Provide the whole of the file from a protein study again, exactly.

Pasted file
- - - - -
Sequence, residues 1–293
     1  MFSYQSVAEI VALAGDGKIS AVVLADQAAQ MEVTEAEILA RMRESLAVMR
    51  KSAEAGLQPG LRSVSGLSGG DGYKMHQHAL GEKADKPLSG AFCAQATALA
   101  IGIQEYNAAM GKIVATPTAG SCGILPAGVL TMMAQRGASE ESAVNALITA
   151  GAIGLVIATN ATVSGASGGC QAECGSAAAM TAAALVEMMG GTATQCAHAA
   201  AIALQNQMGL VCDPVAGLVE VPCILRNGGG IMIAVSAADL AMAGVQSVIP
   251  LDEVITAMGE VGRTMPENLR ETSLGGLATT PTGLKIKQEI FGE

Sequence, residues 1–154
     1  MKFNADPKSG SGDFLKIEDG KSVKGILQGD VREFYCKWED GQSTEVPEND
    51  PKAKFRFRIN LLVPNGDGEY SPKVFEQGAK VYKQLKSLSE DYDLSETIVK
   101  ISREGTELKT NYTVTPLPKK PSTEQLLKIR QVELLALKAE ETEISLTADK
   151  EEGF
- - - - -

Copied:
Sequence, residues 1–293
     1  MFSYQSVAEI VALAGDGKIS AVVLADQAAQ MEVTEAEILA RMRESLAVMR
    51  KSAEAGLQPG LRSVSGLSGG DGYKMHQHAL GEKADKPLSG AFCAQATALA
   101  IGIQEYNAAM GKIVATPTAG SCGILPAGVL TMMAQRGASE ESAVNALITA
   151  GAIGLVIATN ATVSGASGGC QAECGSAAAM TAAALVEMMG GTATQCAHAA
   201  AIALQNQMGL VCDPVAGLVE VPCILRNGGG IMIAVSAADL AMAGVQSVIP
   251  LDEVITAMGE VGRTMPENLR ETSLGGLATT PTGLKIKQEI FGE

Sequence, residues 1–154
     1  MKFNADPKSG SGDFLKIEDG KSVKGILQGD VREFYCKWED GQSTEVPEND
    51  PKAKFRFRIN LLVPNGDGEY SPKVFEQGAK VYKQLKSLSE DYDLSETIVK
   101  ISREGTELKT NYTVTPLPKK PSTEQLLKIR QVELLALKAE ETEISLTADK
   151  EEGF